Comfort is measured by more than energy efficiency
A proposed rating system would measure and compare a home’s overall ability to deliver comfort to its occupants.
Author: Anthony Grisolia
Ahhh....the comforts of home. If a home is “efficient,” surely it’s “comfortable,” right? Not necessarily.
While “energy efficiency” has commonly been quantified by calculated measures in the home building business, discussions of “thermal comfort” traditionally involve more subjective evaluations. Human comfort depends on an occupant’s metabolism and the clothing being worn. It can be influenced by sunlight coming through windows on a hot day, the size of the heating and cooling system, the level of insulation in walls, and other architectural and design factors. Occupants perceive it from the air temperature surrounding them, the air circulation that prevents a room from feeling “stuffy,” humidity levels, and several other factors.
The home building industry is committed to delivering high-performance homes. To that end and with an eye on innovation, IBACOS believes the industry needs a way to objectively measure, predict, and compare a home’s overall ability to deliver comfort to its occupants. We call it a Thermal Comfort Rating Metric, or a TCRM, to help builders deliver on their commitment.
Because thermal comfort and energy efficiency are not the same, we can’t accurately predict a home’s thermal comfort using only energy-efficiency metrics. We also don’t think that the complex ways comfort is measured by building scientists translate well for builders and home buyers. The TCRM could be a single number, a score, or an index—much like RESNET’s Home Energy Rating System—from, say, 0 to 100. While the HERS Index represents the ability of the home to save energy, a simple TCRM would gauge the ability of the home to maintain comfortable conditions—two very different and possibly competing concepts.
What IBACOS is seeing in our research data and hearing from builders and buyers is that some comfort problems are not being solved by low-load homes.
Who would benefit from a TCRM? Everyone. Let’s consider today’s buyers, who have greater awareness of energy efficiency, sustainability, and conservation. They appreciate quality, value, and simplicity. A TCRM would enable them to gauge how well a home—a combination of systems, materials, and assemblies—would provide thermal comfort. It would give them a way to consider how much they weight comfort in the context of energy efficiency and home cost.
For builders and trades, the comfort callbacks that traditionally have been an industry issue are not disappearing in today’s low-load homes. Many builders reserve a substantial amount of money per house to cover insurance and warranty callbacks. Likewise, a warranty callback costs an HVAC contractor $250 to $400 per instance. A thermal comfort rating system could better tune buyers’ expectations to the homes they are buying and would help develop a commissioning list that would allow better comfort performance to be built into homes, thereby reducing the number of callbacks. Builders would also gain better insight into the values of their customers and be able to focus energy savings strategies in areas that also provide the most comfort, for example, if that’s what buyers in their market demand.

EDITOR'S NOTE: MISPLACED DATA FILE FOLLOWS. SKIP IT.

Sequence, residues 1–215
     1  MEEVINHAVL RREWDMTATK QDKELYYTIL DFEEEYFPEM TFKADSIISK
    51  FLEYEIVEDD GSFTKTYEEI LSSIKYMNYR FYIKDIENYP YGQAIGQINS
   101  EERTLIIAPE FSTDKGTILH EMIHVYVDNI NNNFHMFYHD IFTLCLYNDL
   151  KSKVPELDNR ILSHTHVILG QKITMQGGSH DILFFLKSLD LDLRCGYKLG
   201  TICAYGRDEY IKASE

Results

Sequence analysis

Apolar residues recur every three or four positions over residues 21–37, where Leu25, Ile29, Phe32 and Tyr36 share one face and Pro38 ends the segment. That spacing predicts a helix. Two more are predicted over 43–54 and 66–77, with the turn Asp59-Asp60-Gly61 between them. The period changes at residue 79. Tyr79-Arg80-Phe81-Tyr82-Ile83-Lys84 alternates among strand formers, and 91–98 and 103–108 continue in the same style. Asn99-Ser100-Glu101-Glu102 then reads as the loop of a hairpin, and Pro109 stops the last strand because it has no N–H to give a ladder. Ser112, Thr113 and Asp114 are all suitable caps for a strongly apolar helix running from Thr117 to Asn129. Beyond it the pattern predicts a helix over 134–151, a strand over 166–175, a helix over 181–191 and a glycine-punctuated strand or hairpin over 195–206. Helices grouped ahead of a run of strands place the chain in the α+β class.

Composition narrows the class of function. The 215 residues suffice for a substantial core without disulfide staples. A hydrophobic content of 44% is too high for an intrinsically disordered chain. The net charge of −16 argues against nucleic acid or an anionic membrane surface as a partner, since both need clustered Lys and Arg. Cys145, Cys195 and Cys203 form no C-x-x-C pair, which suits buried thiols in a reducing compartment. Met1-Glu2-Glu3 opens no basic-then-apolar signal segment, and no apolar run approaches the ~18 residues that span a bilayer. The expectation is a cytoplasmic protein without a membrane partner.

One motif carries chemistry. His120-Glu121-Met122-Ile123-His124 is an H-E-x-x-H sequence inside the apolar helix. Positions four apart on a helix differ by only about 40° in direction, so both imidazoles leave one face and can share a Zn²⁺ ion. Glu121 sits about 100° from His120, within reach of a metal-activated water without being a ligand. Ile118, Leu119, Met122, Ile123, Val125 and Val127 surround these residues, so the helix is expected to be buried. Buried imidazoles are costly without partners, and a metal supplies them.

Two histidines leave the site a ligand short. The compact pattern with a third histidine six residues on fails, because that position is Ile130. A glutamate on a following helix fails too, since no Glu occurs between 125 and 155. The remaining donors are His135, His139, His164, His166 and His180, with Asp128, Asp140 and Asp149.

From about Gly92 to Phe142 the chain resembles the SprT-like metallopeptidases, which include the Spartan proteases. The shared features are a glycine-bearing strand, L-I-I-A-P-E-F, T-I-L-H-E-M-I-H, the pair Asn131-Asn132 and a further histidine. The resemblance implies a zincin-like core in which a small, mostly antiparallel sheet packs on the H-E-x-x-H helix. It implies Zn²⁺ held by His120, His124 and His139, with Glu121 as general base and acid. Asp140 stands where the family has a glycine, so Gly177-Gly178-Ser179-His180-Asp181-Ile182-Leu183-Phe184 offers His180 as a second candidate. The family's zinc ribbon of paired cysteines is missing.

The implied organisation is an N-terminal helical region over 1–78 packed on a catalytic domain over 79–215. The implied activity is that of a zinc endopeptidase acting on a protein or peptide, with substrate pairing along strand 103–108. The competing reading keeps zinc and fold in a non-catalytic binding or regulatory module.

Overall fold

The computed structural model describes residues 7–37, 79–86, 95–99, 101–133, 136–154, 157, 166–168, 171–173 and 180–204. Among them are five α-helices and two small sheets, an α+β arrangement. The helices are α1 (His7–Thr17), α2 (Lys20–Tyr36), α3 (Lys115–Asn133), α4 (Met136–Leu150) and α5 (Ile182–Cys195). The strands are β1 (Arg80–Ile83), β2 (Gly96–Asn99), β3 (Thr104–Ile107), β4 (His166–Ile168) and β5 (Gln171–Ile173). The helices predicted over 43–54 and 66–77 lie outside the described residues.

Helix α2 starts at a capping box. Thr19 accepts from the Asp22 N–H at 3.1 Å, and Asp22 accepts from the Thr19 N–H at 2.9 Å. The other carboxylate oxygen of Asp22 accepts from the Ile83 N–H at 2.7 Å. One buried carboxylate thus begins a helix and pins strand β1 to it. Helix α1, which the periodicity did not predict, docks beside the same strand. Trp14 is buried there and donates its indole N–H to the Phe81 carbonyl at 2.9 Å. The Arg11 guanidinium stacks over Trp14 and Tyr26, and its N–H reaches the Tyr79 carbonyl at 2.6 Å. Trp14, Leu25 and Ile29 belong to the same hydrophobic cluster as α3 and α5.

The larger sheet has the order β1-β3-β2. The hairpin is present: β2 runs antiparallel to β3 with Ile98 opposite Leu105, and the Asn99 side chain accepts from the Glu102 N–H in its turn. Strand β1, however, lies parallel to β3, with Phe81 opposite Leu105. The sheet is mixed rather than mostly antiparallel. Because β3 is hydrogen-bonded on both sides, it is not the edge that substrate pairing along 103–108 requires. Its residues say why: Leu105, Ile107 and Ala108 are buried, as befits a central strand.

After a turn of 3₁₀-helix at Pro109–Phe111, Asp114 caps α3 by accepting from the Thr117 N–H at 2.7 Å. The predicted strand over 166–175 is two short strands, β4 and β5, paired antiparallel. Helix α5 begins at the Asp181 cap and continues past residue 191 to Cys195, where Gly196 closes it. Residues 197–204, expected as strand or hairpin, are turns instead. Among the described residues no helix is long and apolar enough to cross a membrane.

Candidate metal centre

Likewise, a TCRM could be used to improve individual systems of a home. For example, there is a need for heating and cooling equipment to be "right-sized” now more than ever. A TCRM can help guide HVAC system selection by bringing specific performance attributes to the forefront as part of a value discussion that includes comfort.
Finally, a TCRM also could help builders differentiate themselves, allowing comparison of their homes’ performance and comfort against those of their competitors. Ultimately, a TCRM would be a means to quantify comfort before the sale and during the build process, as well as a tool to help manage buyers’ expectations and risks associated with comfort to show that the comfort performance delivered is as promised.
What IBACOS is seeing in our research data and hearing from builders and buyers is that some comfort problems are not being solved by low-load homes. In fact, the evolution toward low-load homes seems to create new opportunities for comfort to be an issue. Simple things such as balancing airflow from ducts have become more challenging and more important than ever. Also, the orientation of the home now plays a greater role. For example, a concentrated area of windows can allow localized solar gain, but the thermostat doesn’t respond because the areas of the home close to the thermostat are meeting the thermostat temperature setting. Likewise, today’s codes and building standards are not able to define a home’s ability to provide thermal comfort in a language that the home building industry can use. But these codes and standards, and the science behind them, can certainly be used to help develop components of a TCRM.
During the next few years, IBACOS plans to work with the industry to conduct research to weigh the many aspects of comfort delivery, compare differences by climate zone and house size, and give consideration to factors such as architecture, enclosure type, heating and cooling systems, and occupant preferences. Yes, it’s a huge undertaking that must incorporate complex sciences ranging from physics to psychology. By working with key industry leaders, builders, manufacturers, and codes and standards organizations, IBACOS seeks to validate the approach and ultimately bring a Thermal Comfort Rating Metric to the residential marketplace.
This article was originally published by Builder magazine on November 23, 2015.